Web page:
Infective Conjunctivitis

Infective conjunctivitis is an infection of the thin skin (the conjunctiva) on the front of the eye. It is very common and often starts in one eye but then spreads to the other.

What is conjunctivitis?

Conjunctivitis is a particularly long word for a simple and common condition. The conjunctiva is the thin covering (like a very thin skin) that covers the white part of the eyes and the underside of the eyelids. '-itis' is the medical 'add-on' term for inflammation. 

Conjunctivitis is a very common condition in which one or both eyes become red or pink and may be sticky or watery. Almost everyone will have experienced it several times and will be familiar with the symptoms of sensation of grittiness and discomfort in the eyes, with redness and discharge. Read more about the symptoms of conjunctivitis.

Who gets it and why?

Anyone can get conjunctivitis. However, simple bacterial conjunctivitis is particularly common in children, whilst viral conjunctivitis is more common in adults.

Viral conjunctivitis is the most common overall cause of infectious conjunctivitis. Bacterial conjunctivitis is the second most common cause of infectious conjunctivitis.

Discover more on the topic of causes of conjunctivitis.

What's the treatment?

Most episodes of infective conjunctivitis settle down in less than a week with simple self-management. That means that in many cases, you don't need medical help at all. Antibiotics are only occasionally needed.

Learn more about how conjunctivitis is treated.

What else do I need to know?

The image below shows how the conjunctiva runs over the surface of the white part of the eye and over the underside of the eyelids.

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You will see that the conjunctiva does not cover the coloured part of the eye (the iris) and the dark, circular part of the eye (the pupil). This part of the eye is the cornea. The cornea is much more sensitive than the conjunctiva. Infection or inflammation of the cornea is called keratitis and it is a more serious condition.

Infection of the conjunctiva causes mild symptoms only. As the conjunctiva does not cover the part of the eye that lets light in for vision, conjunctivitis should not affect your vision. The only exception to this is if you have a lot of discharge in your eye and it smears over the surface - but in this case it should clear on blinking or wiping.

Infective conjunctivitis is usually a harmless condition, although it is fairly contagious, and so it is helpful to know how best to manage it in order to settle it down quickly and avoid passing it on to others. An exception to this rule is conjunctivitis in a newborn baby. This is different to the common 'sticky eye' of newborn babies, and needs urgent attention from a doctor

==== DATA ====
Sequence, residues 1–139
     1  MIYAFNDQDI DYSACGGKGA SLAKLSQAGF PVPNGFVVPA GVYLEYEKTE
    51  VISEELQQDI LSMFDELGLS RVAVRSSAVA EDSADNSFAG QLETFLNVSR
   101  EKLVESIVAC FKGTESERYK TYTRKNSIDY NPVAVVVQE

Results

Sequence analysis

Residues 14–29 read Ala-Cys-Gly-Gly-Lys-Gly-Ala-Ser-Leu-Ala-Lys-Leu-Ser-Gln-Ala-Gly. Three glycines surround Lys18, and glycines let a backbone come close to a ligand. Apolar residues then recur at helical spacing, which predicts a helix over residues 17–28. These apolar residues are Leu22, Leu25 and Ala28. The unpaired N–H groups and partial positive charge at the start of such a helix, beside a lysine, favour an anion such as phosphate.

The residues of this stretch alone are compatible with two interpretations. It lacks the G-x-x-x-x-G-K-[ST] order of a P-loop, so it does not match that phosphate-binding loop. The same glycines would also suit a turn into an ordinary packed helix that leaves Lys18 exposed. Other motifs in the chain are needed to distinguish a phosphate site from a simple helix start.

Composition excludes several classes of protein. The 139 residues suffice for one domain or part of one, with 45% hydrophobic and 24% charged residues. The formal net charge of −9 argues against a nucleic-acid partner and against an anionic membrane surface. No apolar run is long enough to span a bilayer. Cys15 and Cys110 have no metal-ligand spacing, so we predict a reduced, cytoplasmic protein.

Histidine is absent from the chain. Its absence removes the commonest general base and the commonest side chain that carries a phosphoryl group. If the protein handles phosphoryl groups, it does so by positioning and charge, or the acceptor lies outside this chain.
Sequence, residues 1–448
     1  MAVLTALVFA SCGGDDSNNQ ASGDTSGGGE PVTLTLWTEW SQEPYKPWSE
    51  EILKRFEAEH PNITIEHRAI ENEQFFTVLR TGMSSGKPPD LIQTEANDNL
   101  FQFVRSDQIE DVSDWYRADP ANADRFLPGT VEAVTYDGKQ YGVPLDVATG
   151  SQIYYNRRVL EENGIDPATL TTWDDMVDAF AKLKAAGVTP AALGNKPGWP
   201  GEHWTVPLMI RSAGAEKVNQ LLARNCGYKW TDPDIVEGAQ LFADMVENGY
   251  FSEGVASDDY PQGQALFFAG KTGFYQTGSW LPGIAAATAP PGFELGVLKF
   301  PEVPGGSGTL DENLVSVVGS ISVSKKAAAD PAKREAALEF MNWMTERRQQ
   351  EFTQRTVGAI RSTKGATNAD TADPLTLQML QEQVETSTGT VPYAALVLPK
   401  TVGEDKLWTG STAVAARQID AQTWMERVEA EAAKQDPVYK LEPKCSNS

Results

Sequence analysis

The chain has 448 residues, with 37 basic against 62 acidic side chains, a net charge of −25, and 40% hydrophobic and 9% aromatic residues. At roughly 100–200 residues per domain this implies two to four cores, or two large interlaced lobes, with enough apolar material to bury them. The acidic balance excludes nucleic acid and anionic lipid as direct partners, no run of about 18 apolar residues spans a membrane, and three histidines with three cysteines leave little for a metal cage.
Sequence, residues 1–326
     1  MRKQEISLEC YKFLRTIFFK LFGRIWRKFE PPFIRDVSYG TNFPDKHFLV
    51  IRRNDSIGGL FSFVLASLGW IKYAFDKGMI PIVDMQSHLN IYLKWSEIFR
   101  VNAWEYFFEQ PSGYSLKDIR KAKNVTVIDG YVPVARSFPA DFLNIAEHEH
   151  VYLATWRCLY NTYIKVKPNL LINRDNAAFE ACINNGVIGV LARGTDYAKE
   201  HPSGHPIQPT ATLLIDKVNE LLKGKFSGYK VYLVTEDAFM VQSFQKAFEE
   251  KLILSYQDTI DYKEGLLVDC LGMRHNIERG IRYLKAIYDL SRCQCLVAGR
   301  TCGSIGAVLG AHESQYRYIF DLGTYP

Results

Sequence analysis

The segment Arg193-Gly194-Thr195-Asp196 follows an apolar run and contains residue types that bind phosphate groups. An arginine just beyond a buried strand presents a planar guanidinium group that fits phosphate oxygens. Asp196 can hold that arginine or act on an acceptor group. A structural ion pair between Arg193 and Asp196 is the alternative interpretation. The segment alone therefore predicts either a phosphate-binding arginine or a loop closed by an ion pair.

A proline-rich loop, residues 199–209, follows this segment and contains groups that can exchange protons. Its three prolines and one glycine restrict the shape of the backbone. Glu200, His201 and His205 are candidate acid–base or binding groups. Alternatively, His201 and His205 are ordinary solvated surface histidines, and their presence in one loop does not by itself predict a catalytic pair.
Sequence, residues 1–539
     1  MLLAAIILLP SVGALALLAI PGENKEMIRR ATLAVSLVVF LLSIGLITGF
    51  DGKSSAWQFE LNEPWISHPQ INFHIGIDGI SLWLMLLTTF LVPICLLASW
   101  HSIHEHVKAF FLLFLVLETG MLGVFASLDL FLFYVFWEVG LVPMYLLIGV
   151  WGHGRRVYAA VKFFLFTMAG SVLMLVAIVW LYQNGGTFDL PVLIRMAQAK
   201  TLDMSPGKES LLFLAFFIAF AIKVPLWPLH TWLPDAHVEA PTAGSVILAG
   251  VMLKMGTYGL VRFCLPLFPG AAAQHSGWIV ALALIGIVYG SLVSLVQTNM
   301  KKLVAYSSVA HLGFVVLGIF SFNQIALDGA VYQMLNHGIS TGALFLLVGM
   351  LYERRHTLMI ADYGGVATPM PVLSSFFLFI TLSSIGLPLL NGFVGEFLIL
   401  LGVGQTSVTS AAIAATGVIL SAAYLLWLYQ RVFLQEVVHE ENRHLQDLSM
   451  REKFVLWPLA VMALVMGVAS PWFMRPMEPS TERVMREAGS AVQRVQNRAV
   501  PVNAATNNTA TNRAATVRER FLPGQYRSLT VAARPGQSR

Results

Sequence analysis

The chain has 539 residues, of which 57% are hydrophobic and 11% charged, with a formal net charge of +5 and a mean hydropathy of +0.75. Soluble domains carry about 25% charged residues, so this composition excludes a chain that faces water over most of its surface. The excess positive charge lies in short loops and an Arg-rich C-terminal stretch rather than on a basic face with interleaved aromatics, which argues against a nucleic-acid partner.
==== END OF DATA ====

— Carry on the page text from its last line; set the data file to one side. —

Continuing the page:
If the infection is severe or does not settle then antibiotics may be needed. A healthcare professional, including a pharmacist, will be able to advise.

Severe pain, or change in your vision that is not caused by smearing, would suggest a condition affecting the cornea rather than the conjunctiva, and this should always be seen by a healthcare professional.

Does a child with conjunctivitis need to stay off school?

Guidance from Public Health England (PHE) states that children do not need to be excluded from school or from childcare if they have infective conjunctivitis, unless there is an outbreak of several cases. This is because conjunctivitis is a mild condition which represents no danger to others, whilst breaks in school attendance affect your child's learning.

Some nursery and daycare facilities take the view that conjunctivitis is, nevertheless, a nuisance for other parents, and is more easily passed amongst small children who tend to have close physical contact with one another. They may ask you to keep your child at home until the eye is no longer red or sticky, in order to prevent other parents being affected or annoyed. They do, of course, have a right to enforce such rules. However, many realise that this can put working parents into a difficult situation, and so they take a more relaxed view.

If an outbreak occurs, with many cases, the school or childcare centre should seek advice from a PHE or other health professional.

Next: Symptoms

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Author:
Dr Mary Lowth
Peer Reviewer:
Dr Helen Huins
Document ID:
4225 (v42)
Last Checked:
24 February 2017
Next Review:
24 February 2020
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